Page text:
More than one billion Android devices around the world are no longer supported by security updates, leaving them potentially vulnerable to attack.
Consumer watchdog Which? has calculated that two in five Android devices are no longer receiving vital security updates from Google, putting them at greater risk of malware or other security flaws.
Android 10 (which lacks a confectionery themed code name) is the most recent version, and while it and its predecessors Android 9 (Pie) and 8 (Oreo) are still in getting security updates, using anything below Android 8 "will carry security risks," Which? said.
Based on Google's own data from last year, around 40% of Android active users worldwide are on version 6.0 or earlier: Marshmallow (2015), Lollipop (2014), KitKat (2013), Jellybean (2012), Ice Cream Sandwich (2011) and Gingerbread (2010). According to the Android Security Bulletin, there were no security patches issued for the Android system in 2019 that targeted Android versions below 7.0 (Nougat).
"That means more than one billion phones and tablets were active around the world that no longer received security updates," said Which?
Which? also bought a number of three-year-old Android devices, most of which could only run Android 7.0. Security experts engaged by consumer body were able to infect all of them with malware, including multiple infections on some.
All of the phones in the tests were infected successfully by Joker -- also known as Bread -- malware. Every single device tested was also infected with Bluefrag, a critical vulnerability that focuses on the Bluetooth component of Android.
Which? said there should be greater transparency around how long updates for smart devices will be provided so that consumers can make informed buying decisions, and that customers should get better information about their options once security updates are no longer available. The watchdog also said that smartphone makers have questions to answer about the environmental impact of phones that can only be supported for three years or less.
Google told ZDNet: "We're dedicated to improving security for Android devices every day. We provide security updates with bug fixes and other protections every month, and continually work with hardware and carrier partners to ensure that Android users have a fast, safe experience with their devices."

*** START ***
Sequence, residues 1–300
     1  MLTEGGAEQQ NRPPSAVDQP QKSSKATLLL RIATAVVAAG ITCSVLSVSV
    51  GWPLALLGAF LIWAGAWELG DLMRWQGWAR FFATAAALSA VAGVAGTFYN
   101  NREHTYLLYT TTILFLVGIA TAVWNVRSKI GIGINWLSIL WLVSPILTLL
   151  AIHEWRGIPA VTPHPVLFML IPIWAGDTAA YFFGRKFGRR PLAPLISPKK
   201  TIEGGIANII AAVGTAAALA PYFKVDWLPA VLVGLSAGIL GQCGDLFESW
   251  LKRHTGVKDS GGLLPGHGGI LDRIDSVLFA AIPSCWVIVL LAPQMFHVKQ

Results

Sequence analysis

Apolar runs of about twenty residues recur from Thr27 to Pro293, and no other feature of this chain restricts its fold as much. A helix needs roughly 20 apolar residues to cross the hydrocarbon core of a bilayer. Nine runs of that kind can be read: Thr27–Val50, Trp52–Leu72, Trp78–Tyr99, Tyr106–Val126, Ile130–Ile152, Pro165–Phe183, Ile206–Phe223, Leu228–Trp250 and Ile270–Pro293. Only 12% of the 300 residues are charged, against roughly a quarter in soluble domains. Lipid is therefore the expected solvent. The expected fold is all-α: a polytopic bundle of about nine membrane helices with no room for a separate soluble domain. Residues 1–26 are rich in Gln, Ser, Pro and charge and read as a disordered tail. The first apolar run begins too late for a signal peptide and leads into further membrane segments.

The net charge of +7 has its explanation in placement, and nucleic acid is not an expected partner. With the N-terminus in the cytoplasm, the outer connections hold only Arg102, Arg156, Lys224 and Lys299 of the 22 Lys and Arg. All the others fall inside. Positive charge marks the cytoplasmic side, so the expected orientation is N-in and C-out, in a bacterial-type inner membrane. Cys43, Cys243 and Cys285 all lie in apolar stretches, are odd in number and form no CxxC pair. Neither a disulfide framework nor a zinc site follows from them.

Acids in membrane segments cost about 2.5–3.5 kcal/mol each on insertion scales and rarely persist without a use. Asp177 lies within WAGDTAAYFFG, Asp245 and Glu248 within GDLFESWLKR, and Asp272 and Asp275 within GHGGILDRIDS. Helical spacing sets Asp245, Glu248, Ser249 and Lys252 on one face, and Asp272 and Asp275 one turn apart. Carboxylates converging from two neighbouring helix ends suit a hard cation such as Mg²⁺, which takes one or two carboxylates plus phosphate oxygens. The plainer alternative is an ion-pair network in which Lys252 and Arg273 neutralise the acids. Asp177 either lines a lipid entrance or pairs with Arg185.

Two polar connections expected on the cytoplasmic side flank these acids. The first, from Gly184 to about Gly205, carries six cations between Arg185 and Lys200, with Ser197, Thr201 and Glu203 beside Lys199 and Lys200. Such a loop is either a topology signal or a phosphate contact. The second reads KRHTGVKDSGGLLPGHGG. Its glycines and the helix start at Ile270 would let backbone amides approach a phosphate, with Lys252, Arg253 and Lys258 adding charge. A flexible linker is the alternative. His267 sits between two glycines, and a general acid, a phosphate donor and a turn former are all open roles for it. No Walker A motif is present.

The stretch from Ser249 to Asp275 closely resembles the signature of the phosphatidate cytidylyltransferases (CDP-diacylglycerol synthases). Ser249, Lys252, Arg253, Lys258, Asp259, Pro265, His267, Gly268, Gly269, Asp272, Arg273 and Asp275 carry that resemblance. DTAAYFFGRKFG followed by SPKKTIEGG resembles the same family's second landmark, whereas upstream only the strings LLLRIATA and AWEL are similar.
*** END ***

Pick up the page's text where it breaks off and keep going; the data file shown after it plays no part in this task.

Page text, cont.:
When operating systems and security updates are delivered varies depending on the device, manufacturer and mobile operator. Because smartphone makers will tweak bits of the Android operating system, they often deploy patches and updates at a slower pace than Google does on its own devices, or not at all.
Google's Pixel phones get Android version updates and security updates for at least three years from when the device first became available on the Google Store.
While consumers are holding onto devices longer now, the average user will replace a handset after around three years. Operating systems for other devices – like PCs – are supported for much longer. Windows 7, for example, was launched in 2009 but only finally went out of support earlier this year.
A bug found by hackers in PayPal's Google Pay integration is now being used to carry out unauthorized transactions. Since Friday, users have reported seeing suspicious transactions pop up in their PayPal history as originating from their Google Pay account. Issues have been reported on numerous platforms, such as PayPal's forums, Reddit and Twitter.
Victims reported that hackers abused Google Pay accounts to buy products using linked PayPal accounts. Based on the screenshots and various testimonies, most of the illegal transactions are taking place at US stores. A PayPal spokesperson said "We are reviewing and assessing this information and will take any appropriate actions that are deemed necessary to further protect our customers."